Life expectancy history: Public health and medical advances that lead to long lives. Photo courtesy of Kentucky Cabinet for Health and Family Services The most important difference between the world today and 150 years ago isn’t airplane flight or nuclear weapons or the Internet. It’s lifespan. We used to live 35 or 40 years on average in the United States, but now we live almost 80. We used to get one life. Laura Helmuth is Slate's science and health editor. You may well be living your second life already. Adrian’s lung spontaneously collapsed when he was 18.Becky had an ectopic pregnancy that caused massive internal bleeding.Carl had St. After a while, these not-dead-yet stories start to sound sort of absurd, like a giddy, hooray-for-modernity response to The Gashleycrumb Tinies. M is for Maud who was swept out to sea … then brought back to shore by a lifeguard and resuscitated by emergency medical technicians. O is for Olive run through with an awl … but saved during a four-hour emergency surgery to repair her collapsed lung. Now we’d like to hear your stories.
Interactive game of death in history: How would you have died in the past? Please read the rest of Laura Helmuth's series on longevity. The main reason life was so different 100, 200, or 300 years ago than it is today is that death was so different. People died young—in infancy or childhood, mostly—and they died miserably of communicable diseases. We barely remember the names of some of these diseases today, but they were once the most dreaded words in the English language: consumption (tuberculosis), pleurisy (swelling), putrid fever (typhus), quinsy (tonsillitis), and iliac passion (a particularly violent gastrointestinal disorder). Life expectancy has doubled in just the past several generations, and that’s largely because public health efforts and modern medicine have vanquished the diseases of the past. If you’ve ever fantasized about traveling back in time, this game is for you. Spin the wheel as many times as you like—you get infinite reincarnations.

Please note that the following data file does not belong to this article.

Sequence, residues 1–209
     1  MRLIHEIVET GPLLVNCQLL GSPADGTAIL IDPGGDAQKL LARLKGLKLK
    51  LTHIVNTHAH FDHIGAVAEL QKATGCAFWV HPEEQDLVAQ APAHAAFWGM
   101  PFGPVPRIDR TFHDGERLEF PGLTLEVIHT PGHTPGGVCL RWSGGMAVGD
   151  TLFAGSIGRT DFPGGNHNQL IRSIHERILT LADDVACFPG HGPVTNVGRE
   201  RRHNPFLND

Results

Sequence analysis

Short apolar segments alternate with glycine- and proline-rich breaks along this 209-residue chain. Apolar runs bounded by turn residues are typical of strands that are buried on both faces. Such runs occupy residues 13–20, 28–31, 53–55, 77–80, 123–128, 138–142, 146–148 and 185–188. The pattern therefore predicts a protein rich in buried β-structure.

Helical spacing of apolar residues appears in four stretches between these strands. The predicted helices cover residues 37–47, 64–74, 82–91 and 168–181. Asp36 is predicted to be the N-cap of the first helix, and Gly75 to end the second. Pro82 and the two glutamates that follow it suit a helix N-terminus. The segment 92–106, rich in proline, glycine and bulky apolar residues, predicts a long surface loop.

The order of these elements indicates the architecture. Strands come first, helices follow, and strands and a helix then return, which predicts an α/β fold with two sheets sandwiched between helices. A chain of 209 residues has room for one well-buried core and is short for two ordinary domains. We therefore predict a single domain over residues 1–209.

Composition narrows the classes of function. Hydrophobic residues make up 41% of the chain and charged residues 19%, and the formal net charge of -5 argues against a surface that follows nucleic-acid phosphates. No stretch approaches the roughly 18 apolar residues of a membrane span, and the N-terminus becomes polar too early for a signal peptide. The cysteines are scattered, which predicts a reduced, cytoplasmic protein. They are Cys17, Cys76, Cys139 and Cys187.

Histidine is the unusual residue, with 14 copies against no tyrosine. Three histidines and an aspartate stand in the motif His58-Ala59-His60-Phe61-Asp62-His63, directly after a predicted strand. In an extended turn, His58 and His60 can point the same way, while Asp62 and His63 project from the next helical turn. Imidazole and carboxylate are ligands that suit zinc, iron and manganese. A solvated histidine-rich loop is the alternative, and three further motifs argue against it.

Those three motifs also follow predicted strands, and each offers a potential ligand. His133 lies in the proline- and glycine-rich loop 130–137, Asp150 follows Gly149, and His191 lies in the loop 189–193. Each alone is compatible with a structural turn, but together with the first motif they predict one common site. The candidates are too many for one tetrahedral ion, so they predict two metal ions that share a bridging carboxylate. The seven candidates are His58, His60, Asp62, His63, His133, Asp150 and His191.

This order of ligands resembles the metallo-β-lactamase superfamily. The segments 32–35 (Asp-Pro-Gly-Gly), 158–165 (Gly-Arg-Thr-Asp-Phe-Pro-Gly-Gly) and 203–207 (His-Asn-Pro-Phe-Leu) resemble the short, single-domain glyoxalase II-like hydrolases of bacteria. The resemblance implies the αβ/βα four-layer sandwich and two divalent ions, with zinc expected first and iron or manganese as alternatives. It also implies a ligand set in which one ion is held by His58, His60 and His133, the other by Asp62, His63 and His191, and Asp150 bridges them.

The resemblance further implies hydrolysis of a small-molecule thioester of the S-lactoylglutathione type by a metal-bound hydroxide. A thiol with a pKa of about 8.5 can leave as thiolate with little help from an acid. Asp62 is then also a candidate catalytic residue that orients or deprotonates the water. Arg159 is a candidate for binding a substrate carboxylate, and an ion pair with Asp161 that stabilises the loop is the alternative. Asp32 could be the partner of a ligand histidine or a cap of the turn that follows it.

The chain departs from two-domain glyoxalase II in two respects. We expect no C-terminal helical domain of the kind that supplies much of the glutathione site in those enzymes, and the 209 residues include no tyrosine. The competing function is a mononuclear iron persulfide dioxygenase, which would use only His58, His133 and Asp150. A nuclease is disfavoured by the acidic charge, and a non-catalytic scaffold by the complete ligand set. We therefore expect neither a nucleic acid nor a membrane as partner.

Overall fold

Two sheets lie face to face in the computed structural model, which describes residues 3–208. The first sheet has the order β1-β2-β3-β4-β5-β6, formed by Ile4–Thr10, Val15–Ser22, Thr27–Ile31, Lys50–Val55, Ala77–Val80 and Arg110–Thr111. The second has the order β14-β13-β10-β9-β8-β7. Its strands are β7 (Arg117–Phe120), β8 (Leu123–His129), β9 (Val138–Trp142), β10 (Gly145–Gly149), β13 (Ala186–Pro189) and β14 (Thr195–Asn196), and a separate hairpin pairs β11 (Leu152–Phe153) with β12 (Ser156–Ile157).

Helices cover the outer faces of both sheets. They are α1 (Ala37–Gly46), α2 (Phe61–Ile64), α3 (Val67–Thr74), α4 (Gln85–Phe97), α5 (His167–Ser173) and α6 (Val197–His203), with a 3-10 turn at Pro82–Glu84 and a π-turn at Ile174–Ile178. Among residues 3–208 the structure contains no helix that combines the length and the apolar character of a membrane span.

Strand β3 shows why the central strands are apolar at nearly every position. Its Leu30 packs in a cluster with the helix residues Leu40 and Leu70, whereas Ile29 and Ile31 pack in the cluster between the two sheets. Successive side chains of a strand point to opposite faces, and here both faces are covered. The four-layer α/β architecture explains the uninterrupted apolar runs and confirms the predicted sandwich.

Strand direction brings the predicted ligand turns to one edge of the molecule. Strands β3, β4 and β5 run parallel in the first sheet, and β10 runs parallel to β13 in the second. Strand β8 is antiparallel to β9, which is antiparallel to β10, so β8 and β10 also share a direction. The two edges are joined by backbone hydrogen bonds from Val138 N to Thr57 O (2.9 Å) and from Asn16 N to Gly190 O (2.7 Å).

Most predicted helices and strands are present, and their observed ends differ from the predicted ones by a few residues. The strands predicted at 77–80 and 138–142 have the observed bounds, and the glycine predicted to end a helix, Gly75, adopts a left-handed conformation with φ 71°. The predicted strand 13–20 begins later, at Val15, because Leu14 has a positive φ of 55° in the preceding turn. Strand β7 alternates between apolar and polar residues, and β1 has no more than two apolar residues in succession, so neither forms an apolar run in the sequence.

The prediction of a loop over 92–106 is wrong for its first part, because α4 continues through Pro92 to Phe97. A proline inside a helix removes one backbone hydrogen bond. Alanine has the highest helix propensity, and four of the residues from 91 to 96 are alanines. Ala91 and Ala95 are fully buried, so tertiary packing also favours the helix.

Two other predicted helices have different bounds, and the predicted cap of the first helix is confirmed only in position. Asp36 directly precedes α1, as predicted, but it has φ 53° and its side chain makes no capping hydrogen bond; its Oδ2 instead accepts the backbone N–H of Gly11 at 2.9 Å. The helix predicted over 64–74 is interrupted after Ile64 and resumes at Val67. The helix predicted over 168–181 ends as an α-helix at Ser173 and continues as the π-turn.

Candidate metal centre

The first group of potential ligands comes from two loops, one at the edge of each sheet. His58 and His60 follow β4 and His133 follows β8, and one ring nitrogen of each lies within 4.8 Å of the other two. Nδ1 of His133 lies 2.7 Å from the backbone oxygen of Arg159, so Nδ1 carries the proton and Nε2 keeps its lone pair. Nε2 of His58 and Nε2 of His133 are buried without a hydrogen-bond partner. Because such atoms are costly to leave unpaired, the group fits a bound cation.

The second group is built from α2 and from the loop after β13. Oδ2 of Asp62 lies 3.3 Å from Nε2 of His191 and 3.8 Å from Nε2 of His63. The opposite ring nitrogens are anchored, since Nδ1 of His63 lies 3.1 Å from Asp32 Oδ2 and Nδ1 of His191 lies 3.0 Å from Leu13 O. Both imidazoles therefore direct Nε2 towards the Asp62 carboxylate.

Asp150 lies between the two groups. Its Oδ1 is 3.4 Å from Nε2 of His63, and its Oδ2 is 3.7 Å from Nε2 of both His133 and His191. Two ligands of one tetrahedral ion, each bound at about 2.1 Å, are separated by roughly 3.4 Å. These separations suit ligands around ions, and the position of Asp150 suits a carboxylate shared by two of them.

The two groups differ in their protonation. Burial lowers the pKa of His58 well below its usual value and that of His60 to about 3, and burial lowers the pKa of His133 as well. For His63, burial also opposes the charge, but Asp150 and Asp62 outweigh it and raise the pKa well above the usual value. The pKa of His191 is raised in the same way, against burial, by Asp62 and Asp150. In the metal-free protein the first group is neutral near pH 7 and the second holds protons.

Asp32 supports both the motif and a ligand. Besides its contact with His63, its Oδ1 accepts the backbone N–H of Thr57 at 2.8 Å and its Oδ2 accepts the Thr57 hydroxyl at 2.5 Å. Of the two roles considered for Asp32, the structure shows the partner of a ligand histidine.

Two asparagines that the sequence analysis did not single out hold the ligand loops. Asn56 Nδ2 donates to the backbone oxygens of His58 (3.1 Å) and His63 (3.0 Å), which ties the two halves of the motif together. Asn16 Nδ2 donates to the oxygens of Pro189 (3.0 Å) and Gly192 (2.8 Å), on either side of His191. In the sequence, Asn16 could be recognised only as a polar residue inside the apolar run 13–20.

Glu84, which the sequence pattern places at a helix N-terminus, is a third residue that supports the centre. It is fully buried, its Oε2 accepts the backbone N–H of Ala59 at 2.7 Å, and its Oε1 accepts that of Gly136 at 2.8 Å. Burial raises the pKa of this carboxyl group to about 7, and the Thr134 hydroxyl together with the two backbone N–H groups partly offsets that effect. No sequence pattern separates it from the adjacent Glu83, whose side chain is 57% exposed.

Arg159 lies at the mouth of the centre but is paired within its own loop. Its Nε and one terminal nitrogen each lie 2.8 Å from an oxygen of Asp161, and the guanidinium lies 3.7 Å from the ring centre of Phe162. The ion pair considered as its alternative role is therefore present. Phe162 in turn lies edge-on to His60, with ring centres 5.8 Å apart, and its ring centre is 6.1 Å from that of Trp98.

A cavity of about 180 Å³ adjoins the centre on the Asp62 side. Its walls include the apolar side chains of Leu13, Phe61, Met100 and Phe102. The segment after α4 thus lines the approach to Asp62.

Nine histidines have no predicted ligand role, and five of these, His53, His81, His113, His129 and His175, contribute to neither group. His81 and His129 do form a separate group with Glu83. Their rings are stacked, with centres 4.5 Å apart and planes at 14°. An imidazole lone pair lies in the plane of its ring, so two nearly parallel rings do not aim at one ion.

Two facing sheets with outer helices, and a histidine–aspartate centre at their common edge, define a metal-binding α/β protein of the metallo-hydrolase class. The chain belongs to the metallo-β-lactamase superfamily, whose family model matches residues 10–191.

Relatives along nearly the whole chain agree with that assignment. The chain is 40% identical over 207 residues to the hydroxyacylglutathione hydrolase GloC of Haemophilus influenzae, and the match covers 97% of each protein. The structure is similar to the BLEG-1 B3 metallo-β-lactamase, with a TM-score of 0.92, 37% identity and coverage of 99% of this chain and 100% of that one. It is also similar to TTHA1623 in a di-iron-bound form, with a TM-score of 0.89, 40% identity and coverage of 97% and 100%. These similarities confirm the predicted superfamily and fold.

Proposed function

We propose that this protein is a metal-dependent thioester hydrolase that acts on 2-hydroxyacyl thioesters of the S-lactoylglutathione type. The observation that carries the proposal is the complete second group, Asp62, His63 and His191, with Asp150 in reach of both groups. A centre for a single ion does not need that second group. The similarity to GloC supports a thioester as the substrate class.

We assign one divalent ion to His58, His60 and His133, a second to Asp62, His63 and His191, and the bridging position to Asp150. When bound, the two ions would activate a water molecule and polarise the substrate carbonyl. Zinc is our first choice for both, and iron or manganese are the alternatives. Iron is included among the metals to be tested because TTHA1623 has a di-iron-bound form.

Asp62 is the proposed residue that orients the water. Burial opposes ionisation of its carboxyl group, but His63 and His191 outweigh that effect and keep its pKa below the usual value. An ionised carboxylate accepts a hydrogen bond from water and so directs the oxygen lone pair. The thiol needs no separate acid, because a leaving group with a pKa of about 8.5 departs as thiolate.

Results of #NotDeadYet Twitter meme: 50 stories about saved lives. Photo by Comstock/Thinkstock Read the rest of Laura Helmuth's series on longevity. At the beginning of this series of stories about why lifespan has doubled in the past 150 years, we asked you to tell us why you’re not dead yet. We got hundreds of responses through email and Twitter (using the hashtag #NotDeadYet), and even more on Facebook and the comments sections of the story. Laura Helmuth is Slate's science and health editor. Follow The responses were fascinating. We also ran a survey with our partners at SurveyMonkey, who collected responses from 400 people using the SurveyMonkey Audience. Courtesy of SurveyMonkey Thanks very much to everyone who emailed or tweeted their stories. I'm #NotDeadYet despite pneumonia and chronic tonsillitis before I was 4. Roy: Almost every day I get out of bed with the thought that I am in life's bonus round. Rachel: When I was 7, I thought the best thing about being in the hospital was that they'd bring you ice cream whenever you asked for it. .
Maximum adult lifespan: Debate over how long humans can live. Photo by Melanie Stetson Freeman/Christian Science Monitor/Getty Images Read the rest of Laura Helmuth's series on longevity. There’s an oddly persistent myth that people have always had a good chance of living to a ripe old age if they could just survive childhood. Socrates was old, after all, and what about Ben Franklin? It’s true that infants and children were once more likely to die than people of any other ages. Why has life expectancy continued to go up steadily over the past several decades? Public health measures get the credit for most of the increase in life expectancy that happened from the mid-1800s to mid-1900s. If you look at the top causes of death in the United States in 1900 and 2010, you might think you’re examining data from two entirely different species. Heart disease isn’t a new invention. Because heart disease is such a killer, anything that reduces its incidence or treats it can save a lot of lives and boost our overall average life expectancy. So what’s next?